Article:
Since there's a house, I would assume that this whole fiasco will be long and ugly until.  Eventually, a bank may foreclose for debts on the house, or a government will, for taxes (and taxes may take years upon years), or the courts will ultimately take it over.  All of those futures will are messy and probably a long ways away. 

Houses are hard to sell without: (1) the titled owner or (2) agreement among those who remain.  So you may as well get some legal help to figure out what to do.  You'll rest better even if the best option is to sit on it for ten years and do nothing. 

Besides, the lawyer may give you devilish lawyer ideas like (**consult a lawyer first!!**): do nothing until the brothers are finally forced to create an estate in a court in order to sell the house and they are desperately fighting over who's in charge.  Then send in a lawyer (or a letter) to the court to notify the judge that Brother A burned the actual will and is using that to commit fraud against both the parents and the heirs.  You are ready and willing to testify and also supply the judge the names of witnesses who heard Brother A tell them that himself and have no financial interest, should this proceed, and you now request that those witnesses be called to testify.  Furthermore, you have notified the police and their presence will be requested as well.  You can politely suggest that you, the honest heir, don't want to profit from the Brothers' shenanigans, which have harmed everyone (including the court), and you lament that the actual will probably had thoughtful protections for Brother A, Brother B, you, and the Court from having to deal with this godawful ugly public mess that Brother A has now necessitated.  Sadly though, you just can't stand to sit idly by and watch Brother A profit from theft against your parents and destruction of all that they built while these brothers smear their good reputation, so you felt it necessary to propose that the court allocate Brother A's fair share to a charity/cause that your parents liked, in their honor, since we'll never know what the will said, but we know it was worse for Brother A, and that he committed fraud to stop it.  Then sit back and watch Brother A self-immolate while the court spends the rest of the case finding creative ways not to give Brother A one single dime.  Because consequences.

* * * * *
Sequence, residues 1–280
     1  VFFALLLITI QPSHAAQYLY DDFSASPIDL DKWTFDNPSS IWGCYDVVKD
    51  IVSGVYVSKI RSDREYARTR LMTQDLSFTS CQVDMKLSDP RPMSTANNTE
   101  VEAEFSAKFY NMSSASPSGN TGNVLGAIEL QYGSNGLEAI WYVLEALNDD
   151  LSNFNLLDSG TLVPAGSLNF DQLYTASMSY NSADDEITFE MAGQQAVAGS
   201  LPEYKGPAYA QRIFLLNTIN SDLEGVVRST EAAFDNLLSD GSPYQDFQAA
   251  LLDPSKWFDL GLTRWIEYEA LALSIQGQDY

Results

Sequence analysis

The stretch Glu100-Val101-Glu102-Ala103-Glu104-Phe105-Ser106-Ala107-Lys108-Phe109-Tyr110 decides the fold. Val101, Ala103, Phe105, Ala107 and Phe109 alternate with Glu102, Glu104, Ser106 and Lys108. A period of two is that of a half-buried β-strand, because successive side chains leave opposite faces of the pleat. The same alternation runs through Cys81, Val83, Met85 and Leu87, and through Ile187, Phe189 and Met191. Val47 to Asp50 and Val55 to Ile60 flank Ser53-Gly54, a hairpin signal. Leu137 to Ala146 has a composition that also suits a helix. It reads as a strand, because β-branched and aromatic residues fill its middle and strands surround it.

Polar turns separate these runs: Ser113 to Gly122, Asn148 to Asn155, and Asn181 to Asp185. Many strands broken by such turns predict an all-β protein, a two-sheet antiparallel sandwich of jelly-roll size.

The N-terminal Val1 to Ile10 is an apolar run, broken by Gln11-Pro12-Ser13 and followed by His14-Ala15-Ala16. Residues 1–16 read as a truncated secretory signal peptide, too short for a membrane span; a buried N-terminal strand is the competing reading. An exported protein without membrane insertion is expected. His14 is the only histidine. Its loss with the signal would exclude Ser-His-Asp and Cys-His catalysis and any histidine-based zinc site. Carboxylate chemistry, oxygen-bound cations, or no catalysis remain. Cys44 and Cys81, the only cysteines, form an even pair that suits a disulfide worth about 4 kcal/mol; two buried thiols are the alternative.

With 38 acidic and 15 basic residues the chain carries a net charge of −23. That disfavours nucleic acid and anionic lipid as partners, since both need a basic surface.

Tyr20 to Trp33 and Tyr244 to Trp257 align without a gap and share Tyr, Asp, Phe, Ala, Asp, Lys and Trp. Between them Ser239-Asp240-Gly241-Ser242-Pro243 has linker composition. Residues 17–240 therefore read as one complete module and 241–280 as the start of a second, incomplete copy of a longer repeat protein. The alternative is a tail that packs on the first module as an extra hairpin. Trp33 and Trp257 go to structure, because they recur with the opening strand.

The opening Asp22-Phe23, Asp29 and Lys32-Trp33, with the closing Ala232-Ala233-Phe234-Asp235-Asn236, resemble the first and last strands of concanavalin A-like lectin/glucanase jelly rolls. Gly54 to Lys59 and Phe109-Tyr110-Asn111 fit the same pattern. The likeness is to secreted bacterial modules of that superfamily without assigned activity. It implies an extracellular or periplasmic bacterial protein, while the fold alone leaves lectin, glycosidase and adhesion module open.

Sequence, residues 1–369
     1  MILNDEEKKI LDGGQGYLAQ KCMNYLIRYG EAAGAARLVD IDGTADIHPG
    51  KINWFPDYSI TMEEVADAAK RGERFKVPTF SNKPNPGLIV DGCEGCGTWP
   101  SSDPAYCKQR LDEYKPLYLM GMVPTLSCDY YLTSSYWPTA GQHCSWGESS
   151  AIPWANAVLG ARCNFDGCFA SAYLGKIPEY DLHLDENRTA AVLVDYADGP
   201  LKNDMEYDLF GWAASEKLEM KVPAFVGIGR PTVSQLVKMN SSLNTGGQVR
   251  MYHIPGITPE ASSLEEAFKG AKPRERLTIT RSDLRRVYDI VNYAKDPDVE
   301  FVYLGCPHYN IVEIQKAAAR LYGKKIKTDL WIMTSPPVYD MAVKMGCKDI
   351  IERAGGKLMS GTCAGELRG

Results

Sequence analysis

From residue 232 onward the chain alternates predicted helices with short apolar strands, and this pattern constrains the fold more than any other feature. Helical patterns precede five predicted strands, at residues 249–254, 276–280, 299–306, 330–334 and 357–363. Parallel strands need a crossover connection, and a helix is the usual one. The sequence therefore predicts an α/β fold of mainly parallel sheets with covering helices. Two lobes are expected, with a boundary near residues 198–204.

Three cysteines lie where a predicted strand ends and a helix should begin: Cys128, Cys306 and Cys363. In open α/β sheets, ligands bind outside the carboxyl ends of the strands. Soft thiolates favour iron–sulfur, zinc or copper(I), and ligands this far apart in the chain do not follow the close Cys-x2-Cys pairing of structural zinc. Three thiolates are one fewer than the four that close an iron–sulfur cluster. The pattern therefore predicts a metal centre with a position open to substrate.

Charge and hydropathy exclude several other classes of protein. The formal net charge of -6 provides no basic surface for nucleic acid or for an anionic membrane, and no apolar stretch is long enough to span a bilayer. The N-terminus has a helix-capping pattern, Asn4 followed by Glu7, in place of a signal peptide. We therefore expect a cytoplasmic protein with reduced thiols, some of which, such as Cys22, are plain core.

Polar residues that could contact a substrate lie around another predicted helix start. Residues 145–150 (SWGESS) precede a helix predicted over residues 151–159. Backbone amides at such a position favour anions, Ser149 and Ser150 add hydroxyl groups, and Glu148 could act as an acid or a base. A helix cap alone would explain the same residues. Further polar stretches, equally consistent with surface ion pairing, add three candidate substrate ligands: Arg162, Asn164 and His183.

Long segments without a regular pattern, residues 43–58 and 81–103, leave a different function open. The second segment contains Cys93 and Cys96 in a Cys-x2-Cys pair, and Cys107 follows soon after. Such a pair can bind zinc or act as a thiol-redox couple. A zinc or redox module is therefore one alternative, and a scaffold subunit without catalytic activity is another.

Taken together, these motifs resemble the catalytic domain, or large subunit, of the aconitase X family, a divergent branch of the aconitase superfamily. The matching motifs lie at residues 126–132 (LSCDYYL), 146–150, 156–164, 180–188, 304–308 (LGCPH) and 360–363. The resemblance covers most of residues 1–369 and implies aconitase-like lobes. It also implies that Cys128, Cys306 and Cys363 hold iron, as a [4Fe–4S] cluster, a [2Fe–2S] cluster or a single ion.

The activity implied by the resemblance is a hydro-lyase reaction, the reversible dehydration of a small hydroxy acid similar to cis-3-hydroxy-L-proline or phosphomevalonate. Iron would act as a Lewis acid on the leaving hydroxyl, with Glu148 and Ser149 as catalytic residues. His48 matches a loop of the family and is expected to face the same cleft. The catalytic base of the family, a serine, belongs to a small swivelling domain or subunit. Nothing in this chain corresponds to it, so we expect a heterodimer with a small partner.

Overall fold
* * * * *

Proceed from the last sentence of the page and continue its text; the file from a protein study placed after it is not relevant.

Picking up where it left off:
But really, it may be better for your mental health to just do a consult and then walk away entirely in the most efficient manner possible and let the others go to war with one another while you're enjoying life somewhere far, far away. 

talltexan

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Re: Inheritance Drama: You Got Any? Stories Wanted.
« Reply #2690 on: September 22, 2021, 06:15:25 AM »
Imagine a circus like this, and OP somehow convinces the two dramatic siblings to actually pay a few $K to walk away?

Dicey

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Re: Inheritance Drama: You Got Any? Stories Wanted.
« Reply #2691 on: September 22, 2021, 07:25:13 AM »
Imagine a circus like this, and OP somehow convinces the two dramatic siblings to actually pay a few $K to walk away?
Because OP would never, ever be rid of them.

Zamboni

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Re: Inheritance Drama: You Got Any? Stories Wanted.
« Reply #2692 on: September 22, 2021, 01:52:22 PM »